Maybe someone can explain.

As to "I wish I believed Obama shared these sentiments" (referring to having no attachement but to the U.S.) This is no different than matters of blief in general. If you act and talk like you believe it will come. Try it, you'll like it. If a bunch of people do it it might even help the national dialogue.

I blew the first incident off, not wanting to seem-- frankly, not wanting to be, in my heart-- a reactionary, choleric idiot.

But I will not pretend that this does not rankle me. I will not bow or bend knee to any one, absent physical force dragging me down, nor can any man represent me adequately who would.

Civis Americanus Sum.

If you act and talk like you believe it will come.

Tell me, Tinkerbell, did you spend the Bush Administration wishing real hard that you believed he was doing the right thing?

As to the presumption of divided loyalty, America is an idea more than a place, and Barack Obama does not believe in the idea. That's why he doesn't show respect for us. He thinks that a certain kind of man is fit to rule over others - not to administer a limited government that provides certain necessary evils such as a military and otherwise does not interfere with the rights of free men to pursue their own interests, but to rule. He believes he is more fit to order the lives of other human beings than they are to do so for themselves.

To Obama, America is the worst place in the world, and everywhere else is superior to it. That's why he eagerly adopts the protocols of everywhere else he visits - fawning obsequiousness in front of kings and tyrants, grinning egalitarianism in Communist China.

I don't see why being a progressive should interfere with the idolization of hereditary power, though; certainly the progressives are comfortable with the Kennedys, Dodds, and Dingells.

This is the sort of thing that really gets noticed in Asia, where manners and symbolism are of vast importance.

The bow that Obama demonstrates is the sort that Filipinos, Chamorros, and other occupied folk were required to give to Japanese soldiers. If the bow was insufficiently deep, it might be deepened by a rifle butt.

The generation that remembers that is passing away, but the East has a longer memory than the West does.

Milan Kundera in The Unbearable Lightness of Being has a section called "A short dictionary of misunderstood words." It chronicles the different associations two lovers bring to words. Due to their different backgrounds and histories words like parades, music, etc. evoke very different emotions in each. It raises the question how well two people can really understand each other.

It often strikes me that many of the differences between NPR liberals and Fox conservatives represent misunderstandings that have their root in style, diverse associations with a vocabulary, and associations that something like a bow invokes, rather than in concrete substantive differences.

Seeing a bow as a capitulation, a loss of face, a sign of weakness suggests what, a certain revolutionary spirit, independence? Seeing a bow as a harmless form of courtesy suggests what? Perhaps more urbane associations? I'm sure others can do better here. But if it is true that much of politics may be explained by differences in style and associations we bring to words, and things like bows, then doesn't this suggest that too much invective and heat is wasted in this regard on all sides. A difference in style, experience and association that we bring to words should never be confused with a lack of good faith or having the best interest of the country at heart.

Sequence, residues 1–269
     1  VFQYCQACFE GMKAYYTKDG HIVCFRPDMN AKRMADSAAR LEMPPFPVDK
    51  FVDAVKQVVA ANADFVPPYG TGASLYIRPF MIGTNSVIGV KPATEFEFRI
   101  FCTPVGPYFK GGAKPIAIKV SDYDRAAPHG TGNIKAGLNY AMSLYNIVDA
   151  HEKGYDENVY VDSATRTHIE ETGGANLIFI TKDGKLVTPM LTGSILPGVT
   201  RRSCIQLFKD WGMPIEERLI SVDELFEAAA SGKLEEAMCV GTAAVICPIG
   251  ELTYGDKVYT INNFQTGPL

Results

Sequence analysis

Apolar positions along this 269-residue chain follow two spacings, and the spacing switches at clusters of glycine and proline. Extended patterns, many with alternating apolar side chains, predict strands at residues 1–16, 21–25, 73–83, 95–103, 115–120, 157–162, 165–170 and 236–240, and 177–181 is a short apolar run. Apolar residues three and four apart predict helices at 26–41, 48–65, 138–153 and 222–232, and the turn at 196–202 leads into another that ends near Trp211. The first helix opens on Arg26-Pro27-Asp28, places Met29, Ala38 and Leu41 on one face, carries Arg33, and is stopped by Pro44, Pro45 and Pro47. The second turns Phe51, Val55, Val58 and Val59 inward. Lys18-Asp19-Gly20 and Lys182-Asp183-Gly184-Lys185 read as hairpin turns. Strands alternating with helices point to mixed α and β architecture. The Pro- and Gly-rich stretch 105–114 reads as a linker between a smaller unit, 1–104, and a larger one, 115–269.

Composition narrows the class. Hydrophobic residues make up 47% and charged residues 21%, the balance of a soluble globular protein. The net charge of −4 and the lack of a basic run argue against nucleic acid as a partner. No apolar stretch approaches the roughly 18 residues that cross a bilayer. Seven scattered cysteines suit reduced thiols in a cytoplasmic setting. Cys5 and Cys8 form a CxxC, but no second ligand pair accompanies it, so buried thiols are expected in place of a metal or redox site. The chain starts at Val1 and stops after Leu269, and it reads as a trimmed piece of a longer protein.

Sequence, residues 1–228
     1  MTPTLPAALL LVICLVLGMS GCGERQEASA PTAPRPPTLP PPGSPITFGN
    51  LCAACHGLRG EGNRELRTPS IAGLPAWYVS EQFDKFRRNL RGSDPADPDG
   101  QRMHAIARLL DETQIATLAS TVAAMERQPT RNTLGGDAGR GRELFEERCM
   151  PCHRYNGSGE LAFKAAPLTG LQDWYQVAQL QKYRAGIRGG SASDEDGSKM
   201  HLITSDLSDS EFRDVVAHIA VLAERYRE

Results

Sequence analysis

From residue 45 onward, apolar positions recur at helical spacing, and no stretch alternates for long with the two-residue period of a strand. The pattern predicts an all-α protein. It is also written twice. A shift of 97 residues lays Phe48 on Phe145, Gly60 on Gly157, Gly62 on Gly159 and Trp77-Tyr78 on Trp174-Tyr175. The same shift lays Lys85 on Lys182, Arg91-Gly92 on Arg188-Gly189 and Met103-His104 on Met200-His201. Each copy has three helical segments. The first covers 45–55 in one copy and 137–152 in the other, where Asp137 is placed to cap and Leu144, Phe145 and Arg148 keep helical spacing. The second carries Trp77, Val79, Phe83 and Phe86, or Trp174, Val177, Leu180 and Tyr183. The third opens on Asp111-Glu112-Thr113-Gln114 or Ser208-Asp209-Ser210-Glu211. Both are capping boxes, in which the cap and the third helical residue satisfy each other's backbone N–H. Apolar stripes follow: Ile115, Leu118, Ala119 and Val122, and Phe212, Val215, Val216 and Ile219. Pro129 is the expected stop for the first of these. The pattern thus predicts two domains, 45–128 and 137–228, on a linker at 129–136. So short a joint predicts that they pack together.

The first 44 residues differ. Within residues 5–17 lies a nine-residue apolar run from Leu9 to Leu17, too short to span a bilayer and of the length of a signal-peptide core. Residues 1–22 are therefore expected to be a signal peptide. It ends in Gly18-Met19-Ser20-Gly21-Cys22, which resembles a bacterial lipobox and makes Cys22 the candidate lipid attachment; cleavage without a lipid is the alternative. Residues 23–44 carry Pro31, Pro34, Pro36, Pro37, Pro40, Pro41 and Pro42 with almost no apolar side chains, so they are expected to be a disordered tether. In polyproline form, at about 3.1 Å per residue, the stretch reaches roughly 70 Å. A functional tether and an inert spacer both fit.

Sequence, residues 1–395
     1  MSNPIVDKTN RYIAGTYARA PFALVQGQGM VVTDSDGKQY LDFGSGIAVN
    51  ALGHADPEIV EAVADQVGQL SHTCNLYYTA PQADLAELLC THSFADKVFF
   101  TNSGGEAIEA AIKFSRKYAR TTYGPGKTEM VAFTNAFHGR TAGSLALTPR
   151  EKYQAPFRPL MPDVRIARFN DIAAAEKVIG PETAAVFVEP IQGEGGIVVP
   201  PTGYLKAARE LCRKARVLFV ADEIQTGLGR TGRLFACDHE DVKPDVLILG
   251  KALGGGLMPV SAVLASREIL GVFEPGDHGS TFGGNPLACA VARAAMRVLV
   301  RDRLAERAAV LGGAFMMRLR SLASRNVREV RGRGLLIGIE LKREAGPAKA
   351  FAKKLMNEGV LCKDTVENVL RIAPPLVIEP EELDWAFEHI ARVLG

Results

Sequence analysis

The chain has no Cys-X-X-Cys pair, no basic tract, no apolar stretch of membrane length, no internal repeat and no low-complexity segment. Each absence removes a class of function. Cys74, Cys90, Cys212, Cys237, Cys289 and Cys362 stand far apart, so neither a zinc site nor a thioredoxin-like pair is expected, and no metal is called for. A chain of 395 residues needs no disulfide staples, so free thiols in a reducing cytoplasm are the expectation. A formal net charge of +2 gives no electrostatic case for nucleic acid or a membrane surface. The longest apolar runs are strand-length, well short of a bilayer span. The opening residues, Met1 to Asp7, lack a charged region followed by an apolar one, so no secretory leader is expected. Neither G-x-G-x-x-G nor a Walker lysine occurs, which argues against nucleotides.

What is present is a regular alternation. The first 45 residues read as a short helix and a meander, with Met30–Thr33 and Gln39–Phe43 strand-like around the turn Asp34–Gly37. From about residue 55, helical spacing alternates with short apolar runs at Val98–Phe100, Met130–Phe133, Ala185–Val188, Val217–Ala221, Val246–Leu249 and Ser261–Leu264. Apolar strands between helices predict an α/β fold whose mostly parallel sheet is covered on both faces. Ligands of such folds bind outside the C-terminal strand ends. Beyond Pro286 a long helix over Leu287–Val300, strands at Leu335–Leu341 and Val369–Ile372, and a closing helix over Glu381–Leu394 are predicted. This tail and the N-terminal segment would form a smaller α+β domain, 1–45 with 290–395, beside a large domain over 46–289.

After having spent the first eight years of the new millenium casting aspersions on the American president and seeing everything he did and said (and didn't do and didn't say) in the worst possible light, it behooves us all to see our current president in the best possible light.

Indeed, more than a little balance is called for.

N'est-ce pas?

Barry, I assume that you're kidding, or posting too soon after a beer summit.

You know what would really shut up the people who say that Obama can't do anything right? If Obama would do something right.

I think there is a sort of assumption, hovering around the right and middle, that goes something like this: Given Obama's manifest failure in all things - all things - foreign and domestic, we should ignore Obama's repeated lapses of courtesy, taste, and basic human sensitivity. Otherwise criticism of little things will discredit criticism of important things.

Normally we forgive the small failings of men who otherwise do great things, but this is a Democratic president we're talking about, so nothing less than a total inversion of logic is called for.

I, for one, will remain open to the possibility of Obama doing good. He is currently repeating all of Clinton's mistakes, but Clinton went on to show that he could do something right now and then. I'm waiting for the now and then.

I'm struck by a presumption that the president would have divided loyalty in representing our country. Now what could that be about? Kenya?

That never occurred to me. I was thinking that Obama, like so many other leftist educated mediocrities, has a great affinity for some future, imagined America, but no love at all for the one that actually exists.

What people are only beginning to understand is that Obama-san wants people to bow to him. The old line media already do, but that's not enough.

Unlike the Chrysanthemum Throne, however, the auto-putative American Emperor is wearing only his birthday suit. Wherever he was born.